Bruininks talks to Editorial Board, addresses readers' questions

By
  • Editorial Board
Posted: Thu, 10/23, 8:06pm, Updated: 6 years ago

Minnesota Daily Editorial Board meets with University of Minnesota President Bob Bruininks.

Location: Morrill Hall, Bruinink's office.

In attendance: Bob Bruininks, Dan Wolter (U News Director), Jim Thorp (Assistant to the President), Vadim Lavrusik (Editor in Chief of the Daily), Justin Horwath (Opinions Editor), Emma Carew (Editorial Board Member), Spencer Leuning (Editorial Board Member). Absent board members: Chris Benson and John Brown.

Time: 11:15 a.m. to 11:50 a.m.

Daily (Question from reader Russell Ericson): I would like to know exactly what Dr. Bruininks' past increases in tuition have provided undergraduate students in terms of quality of their education. Does Dr. Bruininks think that the increase in the cost of a bachelor's degree from the University of Minnesota, as opposed to a degree from another university, has reflected an increase in its value in the job market?

Bruininks: Well, that's more than one question. I think the recognized value of a University of Minnesota degree has steadily increased in my tenure here at the Unviersity, that goes back 40 years. But I think it has particularly improved in at least the public perception of our degrees on the Twin Cities campus in the last ten [years].

I think that it has done so for a number of reasons. More and more students are selecting the University of Minnesota as their destination or their university of choice. And so, the increased the recognition of the quality of the University of Minnesota and quality of education people received is a direct reflection of that increase interested. As people become more interested they are becoming smarter consumers and they wanna know 'what do i get for my investment if I come to the University of Minnesota?'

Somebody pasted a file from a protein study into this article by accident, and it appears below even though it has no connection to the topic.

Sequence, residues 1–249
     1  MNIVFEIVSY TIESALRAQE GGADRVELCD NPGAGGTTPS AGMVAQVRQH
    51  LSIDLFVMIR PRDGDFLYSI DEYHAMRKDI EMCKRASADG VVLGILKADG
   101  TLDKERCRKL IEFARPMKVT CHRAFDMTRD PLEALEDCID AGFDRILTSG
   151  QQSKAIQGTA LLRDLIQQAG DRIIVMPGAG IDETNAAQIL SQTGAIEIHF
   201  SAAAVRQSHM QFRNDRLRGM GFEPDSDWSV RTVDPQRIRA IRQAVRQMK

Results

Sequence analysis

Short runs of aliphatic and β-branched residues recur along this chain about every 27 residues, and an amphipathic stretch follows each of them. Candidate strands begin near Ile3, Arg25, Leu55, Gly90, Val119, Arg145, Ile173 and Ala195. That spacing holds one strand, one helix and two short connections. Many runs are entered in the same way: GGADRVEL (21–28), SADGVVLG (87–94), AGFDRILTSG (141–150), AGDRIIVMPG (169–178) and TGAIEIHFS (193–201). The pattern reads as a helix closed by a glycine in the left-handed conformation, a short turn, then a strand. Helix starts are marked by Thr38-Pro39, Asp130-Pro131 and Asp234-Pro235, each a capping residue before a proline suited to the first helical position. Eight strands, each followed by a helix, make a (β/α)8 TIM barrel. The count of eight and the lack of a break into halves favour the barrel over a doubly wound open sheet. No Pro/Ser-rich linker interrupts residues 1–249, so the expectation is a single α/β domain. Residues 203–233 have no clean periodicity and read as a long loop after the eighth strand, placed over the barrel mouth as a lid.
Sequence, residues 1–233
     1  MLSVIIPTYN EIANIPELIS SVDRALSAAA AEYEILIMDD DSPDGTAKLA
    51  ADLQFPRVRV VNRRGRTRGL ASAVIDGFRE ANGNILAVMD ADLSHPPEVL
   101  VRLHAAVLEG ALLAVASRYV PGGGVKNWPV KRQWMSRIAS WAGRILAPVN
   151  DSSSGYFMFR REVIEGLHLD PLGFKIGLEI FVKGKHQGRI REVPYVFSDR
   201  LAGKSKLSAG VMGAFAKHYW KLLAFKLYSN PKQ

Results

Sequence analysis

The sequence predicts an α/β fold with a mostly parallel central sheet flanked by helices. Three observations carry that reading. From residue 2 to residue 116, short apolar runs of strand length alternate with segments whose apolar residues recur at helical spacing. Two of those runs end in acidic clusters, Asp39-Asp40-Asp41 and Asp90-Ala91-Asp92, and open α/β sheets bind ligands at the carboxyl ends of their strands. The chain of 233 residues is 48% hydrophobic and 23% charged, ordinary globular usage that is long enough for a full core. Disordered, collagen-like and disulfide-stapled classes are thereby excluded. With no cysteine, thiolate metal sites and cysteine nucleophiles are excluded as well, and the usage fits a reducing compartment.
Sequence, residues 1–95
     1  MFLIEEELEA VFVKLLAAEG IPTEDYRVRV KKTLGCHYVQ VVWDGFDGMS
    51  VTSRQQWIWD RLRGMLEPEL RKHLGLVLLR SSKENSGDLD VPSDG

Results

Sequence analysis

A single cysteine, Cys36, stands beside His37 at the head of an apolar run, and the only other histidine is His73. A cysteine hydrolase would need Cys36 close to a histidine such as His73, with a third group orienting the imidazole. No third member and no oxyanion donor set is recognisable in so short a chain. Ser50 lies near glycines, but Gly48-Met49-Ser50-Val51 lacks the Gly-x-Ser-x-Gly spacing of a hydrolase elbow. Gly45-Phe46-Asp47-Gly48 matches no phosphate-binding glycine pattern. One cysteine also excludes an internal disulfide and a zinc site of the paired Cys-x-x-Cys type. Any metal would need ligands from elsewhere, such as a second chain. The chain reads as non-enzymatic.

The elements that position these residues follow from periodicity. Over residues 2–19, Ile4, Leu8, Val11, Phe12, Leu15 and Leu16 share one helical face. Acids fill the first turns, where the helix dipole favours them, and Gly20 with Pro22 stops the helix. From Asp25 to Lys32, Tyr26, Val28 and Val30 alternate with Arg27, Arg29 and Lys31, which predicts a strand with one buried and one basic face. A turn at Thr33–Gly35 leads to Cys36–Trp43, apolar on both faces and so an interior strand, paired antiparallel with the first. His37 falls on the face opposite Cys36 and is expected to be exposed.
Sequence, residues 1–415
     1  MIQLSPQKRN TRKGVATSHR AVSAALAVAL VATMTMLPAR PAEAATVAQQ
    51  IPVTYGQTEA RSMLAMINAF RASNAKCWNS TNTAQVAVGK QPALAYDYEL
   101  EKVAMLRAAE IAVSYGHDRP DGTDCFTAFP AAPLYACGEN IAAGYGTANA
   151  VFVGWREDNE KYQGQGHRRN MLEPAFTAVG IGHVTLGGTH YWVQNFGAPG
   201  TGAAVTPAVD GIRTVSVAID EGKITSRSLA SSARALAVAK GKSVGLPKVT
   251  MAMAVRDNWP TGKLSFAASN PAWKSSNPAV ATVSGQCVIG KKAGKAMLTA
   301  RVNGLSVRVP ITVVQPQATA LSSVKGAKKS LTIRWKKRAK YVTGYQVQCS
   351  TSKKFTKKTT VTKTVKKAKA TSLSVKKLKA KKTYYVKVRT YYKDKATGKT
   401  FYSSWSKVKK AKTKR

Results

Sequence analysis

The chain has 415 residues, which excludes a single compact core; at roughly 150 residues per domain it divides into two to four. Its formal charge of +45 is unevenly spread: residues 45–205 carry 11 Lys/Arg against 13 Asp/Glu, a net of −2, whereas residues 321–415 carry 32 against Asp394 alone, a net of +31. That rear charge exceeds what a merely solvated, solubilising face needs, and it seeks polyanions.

Susan and I hold receptions every year after graduation. There isn't a single reception I've had in the last several years that hasn't produced multiple comments from parents and grand parents about the quality of education their son or daughter has received, and often from alumni who will tell me and volunteer that the quality of education, the quality of service, the quality of support is better than they received when they graduated in the 50s, 60s, 70s and 80s.

So I have no doubt based on statistical indicators, based on students satisfaction, based on the measures we have in place that the quality of education today is much higher than it was when I started here at the University of Minnesota in 1968.

That teaching is more highly recognized and valued by the University of Minnesota. We have permanent salary increases for people who win our teaching awards. And teaching and the quality of teaching and service and advisement to students is recognized in salary and compensation decisions. It is recognized regulary with respect to the criteria for promotion and tenure.

So the thing I can say is, quite honestly, the quality of that degree has improved. The recognition, the public recognition of its quality has improved. The measures of satisfaction have improved from students during this 10 to 20 year period. The other thing I would say is that we have used tuition dollars and state support. We have taken those dollars and invested those to improve the quality of education for students. Scholarship support has doubled for students on this campus in the last five years because we have made it a very, very high priority. Number of students getting such awards has double, the size of each award has doubled. This is the only place in the country that has close to 5,000 students on a tuition free scholarship, that is students who are pell eligible. Last year, we had a middle-class scholarship that brought down the cost of education.